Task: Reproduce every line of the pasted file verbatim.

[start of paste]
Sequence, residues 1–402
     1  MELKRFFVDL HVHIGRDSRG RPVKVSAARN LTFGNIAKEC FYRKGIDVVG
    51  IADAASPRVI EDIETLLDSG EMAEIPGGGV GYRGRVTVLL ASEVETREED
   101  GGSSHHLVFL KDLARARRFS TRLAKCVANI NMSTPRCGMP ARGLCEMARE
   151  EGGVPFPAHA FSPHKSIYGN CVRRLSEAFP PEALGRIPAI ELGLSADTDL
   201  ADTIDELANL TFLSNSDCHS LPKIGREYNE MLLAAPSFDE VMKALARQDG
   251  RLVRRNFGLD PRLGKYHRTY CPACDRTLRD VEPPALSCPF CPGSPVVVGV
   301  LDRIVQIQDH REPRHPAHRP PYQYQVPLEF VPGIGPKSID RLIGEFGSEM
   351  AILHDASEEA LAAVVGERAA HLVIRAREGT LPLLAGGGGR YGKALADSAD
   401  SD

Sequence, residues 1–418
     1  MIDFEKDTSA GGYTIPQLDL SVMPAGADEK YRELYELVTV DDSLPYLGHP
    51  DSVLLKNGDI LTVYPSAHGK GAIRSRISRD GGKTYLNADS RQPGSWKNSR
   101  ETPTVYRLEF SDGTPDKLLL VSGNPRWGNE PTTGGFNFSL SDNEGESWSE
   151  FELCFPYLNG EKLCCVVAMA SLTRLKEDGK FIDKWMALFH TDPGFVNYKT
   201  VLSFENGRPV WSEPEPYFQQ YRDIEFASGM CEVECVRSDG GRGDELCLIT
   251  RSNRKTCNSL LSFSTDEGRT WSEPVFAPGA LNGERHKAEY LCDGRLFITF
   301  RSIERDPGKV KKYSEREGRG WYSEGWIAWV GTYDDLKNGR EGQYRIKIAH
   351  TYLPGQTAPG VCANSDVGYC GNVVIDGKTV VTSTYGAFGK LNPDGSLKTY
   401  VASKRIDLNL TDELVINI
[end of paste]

Sequence, residues 1–402
     1  MELKRFFVDL HVHIGRDSRG RPVKVSAARN LTFGNIAKEC FYRKGIDVVG
    51  IADAASPRVI EDIETLLDSG EMAEIPGGGV GYRGRVTVLL ASEVETREED
   101  GGSSHHLVFL KDLARARRFS TRLAKCVANI NMSTPRCGMP ARGLCEMARE
   151  EGGVPFPAHA FSPHKSIYGN CVRRLSEAFP PEALGRIPAI ELGLSADTDL
   201  ADTIDELANL TFLSNSDCHS LPKIGREYNE MLLAAPSFDE VMKALARQDG
   251  RLVRRNFGLD PRLGKYHRTY CPACDRTLRD VEPPALSCPF CPGSPVVVGV
   301  LDRIVQIQDH REPRHPAHRP PYQYQVPLEF VPGIGPKSID RLIGEFGSEM
   351  AILHDASEEA LAAVVGERAA HLVIRAREGT LPLLAGGGGR YGKALADSAD
   401  SD

Sequence, residues 1–418
     1  MIDFEKDTSA GGYTIPQLDL SVMPAGADEK YRELYELVTV DDSLPYLGHP
    51  DSVLLKNGDI LTVYPSAHGK GAIRSRISRD GGKTYLNADS RQPGSWKNSR
   101  ETPTVYRLEF SDGTPDKLLL VSGNPRWGNE PTTGGFNFSL SDNEGESWSE
   151  FELCFPYLNG EKLCCVVAMA SLTRLKEDGK FIDKWMALFH TDPGFVNYKT
   201  VLSFENGRPV WSEPEPYFQQ YRDIEFASGM CEVECVRSDG GRGDELCLIT
   251  RSNRKTCNSL LSFSTDEGRT WSEPVFAPGA LNGERHKAEY LCDGRLFITF
   301  RSIERDPGKV KKYSEREGRG WYSEGWIAWV GTYDDLKNGR EGQYRIKIAH
   351  TYLPGQTAPG VCANSDVGYC GNVVIDGKTV VTSTYGAFGK LNPDGSLKTY
   401  VASKRIDLNL TDELVINI